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Drahomanivka was a proposed reform of the Ukrainian alphabet and orthography, promoted by Mykhailo Drahomanov. This orthography was used in a few publications and in Drahomanov's correspondence, but due to cultural resistance and political persecution it was never able to catch on.
This phonemic orthography was developed in Kiev in the 1870s by a group of cultural activists led by Pavlo Zhytetsky and including Drahomanov, for the compilation of a Ukrainian dictionary. The 1876 Ems Ukaz banned Ukrainian-language publications and public performances in the Russian Empire, so cultural activity was forced to move abroad before this reform had a chance to be published.
Zhytetsky named this alphabet the Hertsehovynka, after the influence of the recent Serbian orthography of Vuk Karadžić, from Herzegovina. But Drahomanov first used it in a publication (Hromada, Geneva 1878), and it came to be popularly referred to as the Drahomanivka. It was used in Drahomanov's publications and personal correspondence, as well as in publications in Western Ukraine (Austro-Hungarian Galicia) by Drahomanov's colleagues Ivan Franko and Mykhailo Pavlyk (Hromadskyi Druh, Dzvin, and Molot, Lviv 1878). But these publications were opposed by conservative Ukrainian cultural factions (the Old Ruthenians and Russophiles) and persecuted by the Polish-dominated Galician authorities, and the orthography fell into obscurity.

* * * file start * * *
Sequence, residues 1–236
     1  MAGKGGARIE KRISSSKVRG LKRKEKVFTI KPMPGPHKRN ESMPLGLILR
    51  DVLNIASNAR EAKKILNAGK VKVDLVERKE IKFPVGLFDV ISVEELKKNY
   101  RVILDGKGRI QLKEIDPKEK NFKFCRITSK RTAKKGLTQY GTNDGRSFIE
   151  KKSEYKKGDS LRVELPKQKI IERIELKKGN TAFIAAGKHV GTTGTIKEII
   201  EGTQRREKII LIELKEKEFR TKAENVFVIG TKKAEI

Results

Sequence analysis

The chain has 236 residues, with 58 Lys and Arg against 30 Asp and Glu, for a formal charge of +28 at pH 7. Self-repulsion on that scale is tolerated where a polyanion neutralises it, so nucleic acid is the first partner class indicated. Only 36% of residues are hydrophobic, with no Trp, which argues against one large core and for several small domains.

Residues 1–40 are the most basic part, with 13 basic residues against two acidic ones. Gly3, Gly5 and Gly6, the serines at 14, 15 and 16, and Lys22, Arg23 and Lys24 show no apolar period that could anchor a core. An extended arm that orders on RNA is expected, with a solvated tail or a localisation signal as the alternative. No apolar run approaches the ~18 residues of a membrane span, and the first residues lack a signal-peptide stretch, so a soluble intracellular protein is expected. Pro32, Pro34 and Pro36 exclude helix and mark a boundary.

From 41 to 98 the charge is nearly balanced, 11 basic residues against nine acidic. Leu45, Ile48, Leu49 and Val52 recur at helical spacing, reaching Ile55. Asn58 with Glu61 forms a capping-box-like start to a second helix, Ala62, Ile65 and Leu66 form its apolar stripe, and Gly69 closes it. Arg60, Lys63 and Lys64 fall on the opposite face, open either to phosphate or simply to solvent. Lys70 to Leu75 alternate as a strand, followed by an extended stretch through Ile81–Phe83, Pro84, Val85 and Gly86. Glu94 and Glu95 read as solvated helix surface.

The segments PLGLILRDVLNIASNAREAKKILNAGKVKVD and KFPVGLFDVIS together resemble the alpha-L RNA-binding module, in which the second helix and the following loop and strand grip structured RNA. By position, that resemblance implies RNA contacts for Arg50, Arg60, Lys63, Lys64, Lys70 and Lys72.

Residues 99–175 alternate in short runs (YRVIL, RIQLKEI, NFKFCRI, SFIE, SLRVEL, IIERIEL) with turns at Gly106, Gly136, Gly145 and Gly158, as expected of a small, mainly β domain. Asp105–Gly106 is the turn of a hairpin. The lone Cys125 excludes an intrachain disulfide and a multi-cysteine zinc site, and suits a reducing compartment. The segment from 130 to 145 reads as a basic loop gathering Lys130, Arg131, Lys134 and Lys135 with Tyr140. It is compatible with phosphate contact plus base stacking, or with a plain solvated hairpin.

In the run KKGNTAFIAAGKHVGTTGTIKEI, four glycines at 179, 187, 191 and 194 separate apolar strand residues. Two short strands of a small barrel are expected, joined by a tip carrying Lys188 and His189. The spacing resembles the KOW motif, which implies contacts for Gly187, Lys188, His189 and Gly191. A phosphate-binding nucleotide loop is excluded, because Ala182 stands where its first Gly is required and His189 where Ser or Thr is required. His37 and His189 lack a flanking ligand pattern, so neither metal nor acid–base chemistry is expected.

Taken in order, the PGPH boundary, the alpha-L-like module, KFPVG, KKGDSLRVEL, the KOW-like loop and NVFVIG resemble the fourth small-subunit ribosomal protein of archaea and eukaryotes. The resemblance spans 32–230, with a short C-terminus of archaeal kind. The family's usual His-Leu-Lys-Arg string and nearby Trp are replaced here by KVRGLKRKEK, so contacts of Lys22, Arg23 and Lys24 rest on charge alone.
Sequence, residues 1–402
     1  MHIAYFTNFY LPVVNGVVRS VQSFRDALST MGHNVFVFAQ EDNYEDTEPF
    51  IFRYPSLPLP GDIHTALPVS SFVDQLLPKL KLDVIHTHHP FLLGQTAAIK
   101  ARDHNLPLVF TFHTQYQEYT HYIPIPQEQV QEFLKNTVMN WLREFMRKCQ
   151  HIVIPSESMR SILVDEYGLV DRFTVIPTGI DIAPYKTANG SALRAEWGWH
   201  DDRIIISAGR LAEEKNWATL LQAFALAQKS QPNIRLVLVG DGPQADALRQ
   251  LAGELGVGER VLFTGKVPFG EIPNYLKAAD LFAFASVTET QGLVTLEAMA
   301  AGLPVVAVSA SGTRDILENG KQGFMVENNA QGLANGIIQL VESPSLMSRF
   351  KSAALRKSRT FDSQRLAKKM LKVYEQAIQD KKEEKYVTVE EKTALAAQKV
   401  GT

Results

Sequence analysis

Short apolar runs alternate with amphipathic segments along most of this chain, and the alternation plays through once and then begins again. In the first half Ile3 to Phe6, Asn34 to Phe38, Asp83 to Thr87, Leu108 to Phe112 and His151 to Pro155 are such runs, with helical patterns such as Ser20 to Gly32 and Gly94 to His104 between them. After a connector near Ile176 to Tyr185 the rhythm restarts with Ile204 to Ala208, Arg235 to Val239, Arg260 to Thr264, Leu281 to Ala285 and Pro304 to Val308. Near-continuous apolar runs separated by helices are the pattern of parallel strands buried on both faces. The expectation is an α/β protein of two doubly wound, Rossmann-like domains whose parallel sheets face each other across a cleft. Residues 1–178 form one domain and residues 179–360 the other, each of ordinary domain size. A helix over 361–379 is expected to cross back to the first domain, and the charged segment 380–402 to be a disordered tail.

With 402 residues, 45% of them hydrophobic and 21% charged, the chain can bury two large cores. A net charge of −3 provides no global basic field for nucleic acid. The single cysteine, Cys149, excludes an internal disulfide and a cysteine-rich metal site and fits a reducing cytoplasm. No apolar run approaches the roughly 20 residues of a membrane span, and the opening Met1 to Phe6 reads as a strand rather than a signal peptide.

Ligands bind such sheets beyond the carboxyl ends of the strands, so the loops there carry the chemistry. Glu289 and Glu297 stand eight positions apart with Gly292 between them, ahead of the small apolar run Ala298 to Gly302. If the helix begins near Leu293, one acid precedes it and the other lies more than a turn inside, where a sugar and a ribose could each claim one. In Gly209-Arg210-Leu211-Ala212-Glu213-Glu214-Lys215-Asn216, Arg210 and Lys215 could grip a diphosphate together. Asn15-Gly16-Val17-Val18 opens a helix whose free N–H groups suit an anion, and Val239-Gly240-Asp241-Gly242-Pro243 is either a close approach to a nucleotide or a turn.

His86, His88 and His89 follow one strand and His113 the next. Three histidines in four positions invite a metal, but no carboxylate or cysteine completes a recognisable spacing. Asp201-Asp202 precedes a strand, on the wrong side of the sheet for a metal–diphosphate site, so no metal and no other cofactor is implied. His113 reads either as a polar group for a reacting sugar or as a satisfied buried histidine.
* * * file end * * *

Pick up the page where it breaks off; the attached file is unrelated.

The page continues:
The Drahomanivka was based on the phonemic principle, with each letter representing exactly one Ukrainian phoneme (one meaningful unit of sound). Letters representing two sounds (щ, я, є, ю, ї) and the hard sign ъ were abandoned, й was replaced with the Latin j. The digraph щ was replaced by шч, and iotified letters я, є, ю, ї by ја, је, ју, јі. Palatalization was represented by the soft sign, so after a softened consonant я, є, ю, ї were written ьа, ье, ьу, ьі. The verb ending ‑ться was written ‑тцьа.
- шчука (щука in the modern orthography, ščuka, ‘pike’)
- јаблуко (яблуко, jabluko, ‘apple’)
- свьатиј (святий, svjatyj, ‘saint’)
- сподіваjетцьа (сподівається, spodivajet’sja, ‘anticipates’)
An example of the use of Drahomanivka was presented on the 2003 Ukrainian twenty-hryvnia banknote. It shows a fragment of Ivan Franko's poem "Veselka", written in the Drahomanivka, beside the poet's portrait.
- Земле, моjа всеплодьучаjа мати!
- Сили, шчо в твоjij движель глубинi,
- Краплоу, шчоб в боjу смiлijше стоjати,
- даj i мiнi!